27 EXAMPLE Thirty g. of powdered polyvinylpyrrolidone were dissolved in 130 g. Water and the aqueous solution then stirred into 66 g. of an aqueous colloidal silica (Ludox AM), the resulting solution having a pH of 7. 'Hydrated zirconium sulfate (31 wt. percent Zr02 equivalent) was dissolved in the amount of 132 g. in 200 g. water, the resulting aqueous zirconium sulfate having a pH of about l. The dispersion of silica in aqueous polyvinylpyrrolidone was stirred into the aqueous zirconium sulfate, the resulting mixture having a pH of about 1. This mixture was then concentrated in a Rotovapor fiask to obtain a viscous concentrate having a viscosity of about 500,000 cps. This concentrate, containing an equivalent ZrO2:SiO2 mole ratio of 1:1 and an equivalent solids content of about 27 wt. percent, was then spun into fibers, using a spinnerette with six 2-mi1 round orifices and operating at a pressure of 125 p.s.i., the spun fibers being drawn in air and wound on a drum having a speed of about 100 ft./min. The spun fibers were heated in air from room temperature to 500 C. and held at 500 C. for 1 hr., and then refired in air at 1000 C. for 1 hr. The resulting fired fibers when viewed under a binocular microscope had a diameter of about 7g and were Water clear and transparent, and were essentially continuous, fiexible, and strong.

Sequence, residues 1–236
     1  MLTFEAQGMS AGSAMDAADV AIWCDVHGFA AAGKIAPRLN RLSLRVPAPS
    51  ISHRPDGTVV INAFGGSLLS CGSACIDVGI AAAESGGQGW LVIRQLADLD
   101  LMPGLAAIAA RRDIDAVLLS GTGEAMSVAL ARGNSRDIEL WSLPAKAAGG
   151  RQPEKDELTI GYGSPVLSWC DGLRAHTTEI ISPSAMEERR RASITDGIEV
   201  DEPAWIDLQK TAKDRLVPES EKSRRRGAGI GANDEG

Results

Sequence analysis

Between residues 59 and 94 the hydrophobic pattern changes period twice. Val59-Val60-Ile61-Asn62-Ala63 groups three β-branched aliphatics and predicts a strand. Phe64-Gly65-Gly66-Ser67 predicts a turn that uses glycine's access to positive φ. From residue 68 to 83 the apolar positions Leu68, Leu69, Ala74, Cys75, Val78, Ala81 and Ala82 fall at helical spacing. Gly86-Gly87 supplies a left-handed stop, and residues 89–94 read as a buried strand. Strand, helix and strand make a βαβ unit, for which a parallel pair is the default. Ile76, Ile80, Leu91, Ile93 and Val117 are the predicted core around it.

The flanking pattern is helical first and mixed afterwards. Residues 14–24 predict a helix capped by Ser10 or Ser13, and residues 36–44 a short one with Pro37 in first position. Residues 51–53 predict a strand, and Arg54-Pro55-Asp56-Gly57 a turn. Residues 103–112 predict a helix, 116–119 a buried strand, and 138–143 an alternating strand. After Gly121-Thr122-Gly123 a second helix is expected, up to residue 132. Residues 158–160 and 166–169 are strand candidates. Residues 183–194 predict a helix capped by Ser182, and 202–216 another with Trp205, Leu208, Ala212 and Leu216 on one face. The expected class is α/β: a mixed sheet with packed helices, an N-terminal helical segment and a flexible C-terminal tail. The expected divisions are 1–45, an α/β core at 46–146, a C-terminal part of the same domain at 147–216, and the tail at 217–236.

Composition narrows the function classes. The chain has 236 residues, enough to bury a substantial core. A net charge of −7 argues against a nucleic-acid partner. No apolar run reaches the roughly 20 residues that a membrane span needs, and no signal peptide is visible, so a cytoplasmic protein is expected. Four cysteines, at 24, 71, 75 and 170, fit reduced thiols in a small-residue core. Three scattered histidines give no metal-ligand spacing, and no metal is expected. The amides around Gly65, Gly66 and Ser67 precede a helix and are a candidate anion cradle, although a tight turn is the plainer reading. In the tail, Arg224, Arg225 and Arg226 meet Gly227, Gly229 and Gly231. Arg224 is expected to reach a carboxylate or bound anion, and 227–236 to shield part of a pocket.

EXAMPLE 16 An aqueous dispersion of colloidal silica in aqueous zirconium diacetate was made by adding with mixing 198.3 g. of colloidal silica (Ludox LS) to 560.1 g. of aqueous zirconium diacetate, then adding 45.2 cc. of a saturated solution of ferrie nitrate (containing 9.6 g. of equivalent Fe203), the resulting mixtures being equivalent to 95 wt. percent of a mixture of Zr03 and SiO2 in a mole ratio of 1:1 and 5 wt. percent Fe2O3. This resulting mixture was concentrated in a Rotovapor flask, halfsubmerged and rotated in a 30-40 C. water bath. A portion of the resulting concentrate (about 40,000-50,000 cps.) was spun into continuous, straight fibers with a spinnerette having six 3-mil round orifices using a spinnerette pressure of about 85 p.s.i., the extruded fibers being heated with two infrared lamps, and drawn about 3' in air yby a takeup drum at 120 ft./min. These green spun fibers were flexible and under a binocular microscope, were clear, transparent, light yellow in color, and round. Portions of the green spun fibers were fired in air at different temperatures and the appearance and nature of the fired fibers determined. Results are summarized in Table VI.